Written by David Fabian, July 29th, 2017
Active investors are continually looking for innovative ways to beat the market. They want to believe that some perfect combination of fundamental or technical indicators will lead to the holy grail of outperformance (otherwise known as alpha).
In the broadest sense, there are two ways to beat the market: on the upside or on the downside. You either take more risk or less than the benchmark. Read more
Written by David Fabian, September 11th, 2016
In my experience as an investment advisor and student of the markets, investors are always concerned about the “why” on the way down. They MUST know exactly what caused a specific drop in the market and what could potentially curb that price action. Yet for some reason, that same level of scrutiny doesn’t apply on the way higher. Read more
Written by David Fabian, August 17th, 2016
Every now and then I get an email from a reader asking whether they should sell a particular stock. This request typically comes in the form of an errant position that is not shaping up like the rest of the market.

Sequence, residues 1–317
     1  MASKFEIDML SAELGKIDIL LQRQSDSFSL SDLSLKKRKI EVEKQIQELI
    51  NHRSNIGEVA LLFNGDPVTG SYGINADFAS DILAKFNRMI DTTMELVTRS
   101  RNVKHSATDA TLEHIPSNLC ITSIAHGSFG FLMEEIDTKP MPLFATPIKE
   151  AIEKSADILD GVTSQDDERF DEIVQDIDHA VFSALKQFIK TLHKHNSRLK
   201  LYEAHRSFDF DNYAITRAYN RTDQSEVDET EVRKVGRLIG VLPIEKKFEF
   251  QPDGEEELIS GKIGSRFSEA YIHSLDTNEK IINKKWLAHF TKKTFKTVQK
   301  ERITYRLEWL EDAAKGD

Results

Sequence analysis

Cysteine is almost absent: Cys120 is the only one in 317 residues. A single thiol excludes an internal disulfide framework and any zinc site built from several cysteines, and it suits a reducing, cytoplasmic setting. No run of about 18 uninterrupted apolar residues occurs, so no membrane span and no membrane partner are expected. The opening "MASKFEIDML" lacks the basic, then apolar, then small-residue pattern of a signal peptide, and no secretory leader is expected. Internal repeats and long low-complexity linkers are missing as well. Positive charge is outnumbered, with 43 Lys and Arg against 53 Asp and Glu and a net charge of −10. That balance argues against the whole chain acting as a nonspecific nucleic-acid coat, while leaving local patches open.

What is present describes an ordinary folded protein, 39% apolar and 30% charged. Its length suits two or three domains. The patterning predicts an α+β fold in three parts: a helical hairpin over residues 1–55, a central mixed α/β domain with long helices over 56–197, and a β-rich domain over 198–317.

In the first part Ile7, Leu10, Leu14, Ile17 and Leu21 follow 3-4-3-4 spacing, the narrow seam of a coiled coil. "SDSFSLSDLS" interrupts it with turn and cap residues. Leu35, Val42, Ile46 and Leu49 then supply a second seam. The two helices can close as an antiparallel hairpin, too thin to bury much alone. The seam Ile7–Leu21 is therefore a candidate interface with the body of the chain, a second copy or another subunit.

For instance, maybe you own 15 or 20 holdings that are all positive on the year. But that one persistently red security just doesn’t want to behave like everything else. Read more
Written by Michael Fabian, May 07th, 2015
Unlike a typical portfolio of ETFs or mutual funds traded at NAV, closed-end fund investors must decide from a fundamental perspective if a fund’s risk will ultimately be worth the reward. ETF or mutual fund assets are always redeemable at an underlying asset’s current price, so as an investor it becomes easy to make educated decisions when evaluating market trends alongside the funds you own. Read more
Written by David Fabian, April 15th, 2015
Risk management has become a buzz word in the investment business with little real world application over the last several years. The need for stop losses, hedging, strategic asset allocation, and other counter measures to traditional market cycles has been overridden by a “buy the dip” mentality. Active investors have been conditioned to wait for a little speed bump and then race into the fray with extra cash to buy up stocks and ETFs. Read more